Live review: Paul McCartney @ the Pepsi CenterBy John Wenzel | July 16th, 2010 | 3 comments
Is it perverse to call Paul McCartney “Beatlesesque”?
Of course it is, since he’s the most enduring member of the most enduringly popular rock band in history. But one couldn’t help thinking that as McCartney dashed onto the Pepsi Center stage Thursday night — particularly since he was wearing an outfit more than a little reminiscent of his old band from Liverpool.
A black, high-collared suit and black boots were accented by McCartney’s trademark Hofner hollow-body bass, an instrument that the thin performer still dwarfs.
Even at 68, McCartney is a ridiculously charming, unreasonably boyish performer with a strong, gorgeous voice. He still rises from his piano in triumph or lifts his guitar skyward after nearly every song (Denver Post pop music critic Ricardo Baca once compared him to a dazed prizefighter), clapping and dancing and spurring the audience to greater expressions of adulation. He’s clearly enjoying his job.
And so was the crowd. A standing ovation greeted McCartney’s appearance, one of many he would receive throughout the night. People waved homemade signs with messages such as “Can’t Buy Me Love, But This Is Pretty Darn Close.” They unfolded giant paper hearts and waved them above their heads.
McCartney responded in kind, repeatedly connecting with the audience by telling stories, dedicating songs to lost friends (Jimi Hendrix, John Lennon, George Harrison) and lovers (Linda McCartney) and generally being an earnest, sentimental chap who seemingly had no right to look as upbeat and healthy as he did. (Maybe it’s that vegetarian lifestyle?)
Playing as a quintet, McCartney’s crack band effortlessly traversed his songwriting catalog, including older numbers “All My Loving,” “Paperback Writer,” “Blackbird,” “Eleanor Rigby” and other Beatles classics in which decades instantly melted away. Noisier, more ornery songs from McCartney’s “alter-ego” band, the Fireman, or songs from his soft-rock days with Wings (“Band on the Run,” etc.) sounded just as vital and fussed-over, if less memorably so.
McCartney’s two floppy-haired guitarists were solid, singing backup harmonies on Beatles numbers and doing much of the heavy lifting during solos. But his keyboard/drums rhythm-”strings” section — particularly the unnaturally gifted, versatile drummer, who was also clearly having a fantastic time throughout the concert — really held the songs together. Chills ran through my spine during some Beatles numbers, and it wasn’t hard to imagine what it must have felt like to see that band during its heyday.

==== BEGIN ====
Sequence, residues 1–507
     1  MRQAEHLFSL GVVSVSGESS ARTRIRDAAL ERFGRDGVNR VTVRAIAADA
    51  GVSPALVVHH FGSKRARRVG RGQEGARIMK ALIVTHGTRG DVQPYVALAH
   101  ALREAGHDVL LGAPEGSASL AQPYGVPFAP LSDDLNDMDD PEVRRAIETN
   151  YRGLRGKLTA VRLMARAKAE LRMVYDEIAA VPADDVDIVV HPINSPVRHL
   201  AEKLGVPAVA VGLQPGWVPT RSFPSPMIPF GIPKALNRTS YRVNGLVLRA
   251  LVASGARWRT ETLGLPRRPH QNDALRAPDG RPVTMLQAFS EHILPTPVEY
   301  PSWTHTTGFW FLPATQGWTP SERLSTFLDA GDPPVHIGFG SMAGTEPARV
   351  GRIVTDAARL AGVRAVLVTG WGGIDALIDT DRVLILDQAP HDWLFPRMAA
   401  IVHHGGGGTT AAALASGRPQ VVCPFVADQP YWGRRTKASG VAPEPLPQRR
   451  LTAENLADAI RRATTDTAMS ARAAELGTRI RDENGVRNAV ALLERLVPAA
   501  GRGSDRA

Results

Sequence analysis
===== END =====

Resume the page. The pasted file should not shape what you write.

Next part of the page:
McCartney, of course, is more than the Beatles, even if that group’s songs received the strongest applause of any during his long, sold-out set — which was delayed by nearly an hour, initially causing long lines to form outside the venue shortly before the advertised set time.
And there were the occasional missteps, from a distressingly bass-heavy “I’m Looking Through You” to an awkward, pyrotechnics-ridden “Live and Let Die.”
But fans were entirely forgiving of both the late start and the mixed-bag song list as McCartney delivered a bewildering number of pop and rock classics, hit after brilliant hit. And he’s an expert at working the crowd into a lather, walking on stage with a giant Colorado state flag and waving it above his head just before he began his first encore song. Cheesy as hell? Yes, but it worked.
McCartney last played Denver five years ago, and after his Thursday night performance, it would be a shame if another five passed before his return. Some Beatlemaniacs prefer Lennon’s grit and authenticity, or Harrison’s guitar prowess and spiritual bent, but when it comes to pure pop songwriting, McCartney is nearly unrivaled.
Venus And Mars/Rock Show
All My Loving
Got To Get You Into My Life
Let Me Roll It/Foxy Lady
The Long And Winding Road
Nineteen Hundred and Eighty-Five
Let ‘Em In
I’m Looking Through You
Two of Us
Sing The Changes
Band On The Run
Back In The U.S.S.R.
I’ve Got A Feeling
A Day In The Life/Give Peace A Chance
Let It Be
Live And Let Die
Sgt. Peppers Lonely Hearts Club Band (reprise)/The End
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John Wenzel is the co-editor of Reverb and an award-winning A&E reporter for The Denver Post. His book “Mock Stars: Indie Comedy and the Dangerously Funny” was recently published by Speck Press. He also maintains a Twitter feed of random song titles.